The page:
Market Breadth, Sentiment, Emerging Markets, Oakmark International and A Little More

This Bespoke detail on sentiment is a week old – nothing about broad investor sentiment was contained in this week’s Bespoke Report – typically published every week on Friday night:

A little worrisome.

Breadth:

From Friday night, 11/20/20 Bespoke Report.

Speaking of market breadth, one of the big differences between today’s FAAMG led market, where the top 5 – 6 stocks are accounting for a healthy percentage of the SP 500’s total return, and the infamous late 1990’s, is that – in the late 1990’s – breadth started to fail well before the March, 2000 top.

The Fed and Treasury spat: 

Here is an excellent article by Cam Hui (@humblestudent) which talks about credit spreads and watching high-yield or below-investment-grade credit spreads given the current divergence between the Fed and Treasury. I tweeted on this Thursday and/or Friday of this past week, noting that some of the Fed’s liquidity programs designed to support high-yield credit were never really used to their full extent and credit spreads recovered on their own starting in April – May ’20. That’s a good thing.

From the 11/20/20 Bespoke Report.

High-yield and corporate credit spreads are not yet an issue.

Emerging Markets and Russell 2000 Action:

Great post from Jeff Miller this weekend, and contained therein is a History of Asset Class Returns which provides a logical rationale for owning Emerging Markets (EM) and the Russell 2000, at least for the next 12 – 13 months.

The VWO (Vanguard Emerging Market ETF) has traded above the longer-term downtrend line off the 2007 high near $55 this week. The VWO rose 1.63% this week, and over 6% the last month, versus the SP 500’s -0.77% decline this past week, and is demonstrating good relative strength versus the SP 500 again.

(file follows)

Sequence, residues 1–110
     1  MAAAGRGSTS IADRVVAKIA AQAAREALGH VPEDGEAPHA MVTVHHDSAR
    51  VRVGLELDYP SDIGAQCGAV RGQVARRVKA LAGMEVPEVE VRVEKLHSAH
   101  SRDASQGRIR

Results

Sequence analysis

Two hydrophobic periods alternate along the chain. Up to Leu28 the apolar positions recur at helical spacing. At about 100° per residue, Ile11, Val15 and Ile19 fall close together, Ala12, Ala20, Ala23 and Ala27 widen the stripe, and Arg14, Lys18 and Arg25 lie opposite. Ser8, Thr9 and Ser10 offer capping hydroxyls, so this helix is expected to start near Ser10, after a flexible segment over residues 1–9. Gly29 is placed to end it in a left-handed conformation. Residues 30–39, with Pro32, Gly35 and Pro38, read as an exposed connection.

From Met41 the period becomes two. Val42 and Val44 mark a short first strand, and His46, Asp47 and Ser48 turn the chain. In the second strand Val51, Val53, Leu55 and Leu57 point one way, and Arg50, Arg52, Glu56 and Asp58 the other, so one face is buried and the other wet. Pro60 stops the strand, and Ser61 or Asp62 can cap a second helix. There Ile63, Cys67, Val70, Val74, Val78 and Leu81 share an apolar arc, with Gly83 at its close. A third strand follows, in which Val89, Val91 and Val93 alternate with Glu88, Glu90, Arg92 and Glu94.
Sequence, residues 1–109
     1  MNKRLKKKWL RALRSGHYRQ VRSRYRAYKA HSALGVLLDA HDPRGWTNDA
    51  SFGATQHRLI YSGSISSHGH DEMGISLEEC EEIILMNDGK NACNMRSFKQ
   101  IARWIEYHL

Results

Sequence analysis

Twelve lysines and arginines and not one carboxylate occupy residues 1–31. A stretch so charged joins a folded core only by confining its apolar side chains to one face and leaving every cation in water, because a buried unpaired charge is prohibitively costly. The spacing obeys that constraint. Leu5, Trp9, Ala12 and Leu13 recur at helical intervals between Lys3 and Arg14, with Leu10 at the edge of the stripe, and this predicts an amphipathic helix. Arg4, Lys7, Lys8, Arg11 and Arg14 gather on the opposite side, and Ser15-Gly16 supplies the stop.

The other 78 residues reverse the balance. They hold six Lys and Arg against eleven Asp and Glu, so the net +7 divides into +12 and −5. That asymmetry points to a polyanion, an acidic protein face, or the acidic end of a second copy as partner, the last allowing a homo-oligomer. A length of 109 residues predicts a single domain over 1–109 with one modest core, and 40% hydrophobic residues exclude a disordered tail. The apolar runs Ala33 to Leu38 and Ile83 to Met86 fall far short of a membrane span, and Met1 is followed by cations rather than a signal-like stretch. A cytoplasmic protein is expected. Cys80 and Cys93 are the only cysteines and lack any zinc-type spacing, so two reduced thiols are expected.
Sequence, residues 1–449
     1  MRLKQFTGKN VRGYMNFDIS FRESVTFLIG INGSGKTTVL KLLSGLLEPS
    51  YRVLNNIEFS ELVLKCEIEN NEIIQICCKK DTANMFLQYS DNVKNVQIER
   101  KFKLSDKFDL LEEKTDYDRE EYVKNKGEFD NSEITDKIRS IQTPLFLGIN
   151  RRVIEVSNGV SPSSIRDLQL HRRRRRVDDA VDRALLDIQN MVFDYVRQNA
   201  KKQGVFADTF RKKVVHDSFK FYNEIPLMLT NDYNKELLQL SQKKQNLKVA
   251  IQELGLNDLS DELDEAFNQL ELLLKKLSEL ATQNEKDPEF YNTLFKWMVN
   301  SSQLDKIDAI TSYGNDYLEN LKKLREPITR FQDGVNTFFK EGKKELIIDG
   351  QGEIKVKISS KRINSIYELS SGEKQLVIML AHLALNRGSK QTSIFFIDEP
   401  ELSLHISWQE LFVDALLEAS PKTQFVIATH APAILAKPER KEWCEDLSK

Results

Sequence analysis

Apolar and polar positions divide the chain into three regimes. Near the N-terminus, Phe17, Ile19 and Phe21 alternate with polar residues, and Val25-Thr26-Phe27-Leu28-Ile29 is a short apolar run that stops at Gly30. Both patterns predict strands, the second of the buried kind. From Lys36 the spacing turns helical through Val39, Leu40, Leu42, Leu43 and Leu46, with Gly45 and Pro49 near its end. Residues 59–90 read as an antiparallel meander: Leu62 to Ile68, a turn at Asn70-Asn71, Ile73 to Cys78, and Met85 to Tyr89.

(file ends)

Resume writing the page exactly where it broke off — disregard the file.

Source: Worden Telechart software

Here might be an even more telling chart for the VWO that was circulating around Twitter the past week:

In the history of asset class returns that shows up in the Jeff Miller article, in the 10 years including 2010 – 2019, Emerging Market stocks and International Developed stocks  have been the worst or 2nd to worst performing asset class in 6 of those 10 years.

2017 was a good year for EM stocks, the only year EM stocks were the top performing asset class other than 2012.

As this blog’s post from November 8th detailed, the “average, annual” return for SP 500 versus the Emerging Markets is also a compelling fundamental reason to own EM’s.

Oakmark International (OAKIX), which is our International Developed holding for client portfolios, was down 22% YTD on October 30th, but has now recovered to down just a little over 3% on November 20th, 2020. David Herro the portfolio manager of Oakmark International is a top-notch investor, and client’s funds have been slowly added to the mutual fund over 2020. While David’s fund remains in the 93rd percentile of all international funds YTD, it has risen to the 1% percentile rank the last quarter.

EM and Int’l Developed are due for a breakout year, where both substantially outperform the SP 500. Maybe it’s 2021, maybe not.

Summary / Conclusion:  Since the SP 500’s generational low in March, 2009, one of the hallmarks of this market is how quickly sentiment turns bearish on even – what would normally be considered minor pullbacks – i.e. 2% – 3% declines. There is no question that perhaps due to the vaccines and / or the election, bullish sentiment has risen sharply in November, but as the top two graphs show, so has market breadth is still a positive, which is nice to see with the typical negative that is bullish sentiment.

The RSP, (equal-weight SP 500), the VWO (Vanguard EM ETF), the IWM (Russell 2000 ETF) and the Oakmark International (OAKIX), continue to be added to client accounts as some form of migration away from the market-cap and large-cap growth heavy SP 500 is anticipated.

Watch that VWO chart versus the SP 500. That’s a pretty long downtrend about to be broken, and soon potentially.

Take all of the above with healthy skepticism and do your own homework. Invest in a way that you are comfortable and don’t worry about what the rest of the world is doing.

Thanks for reading.

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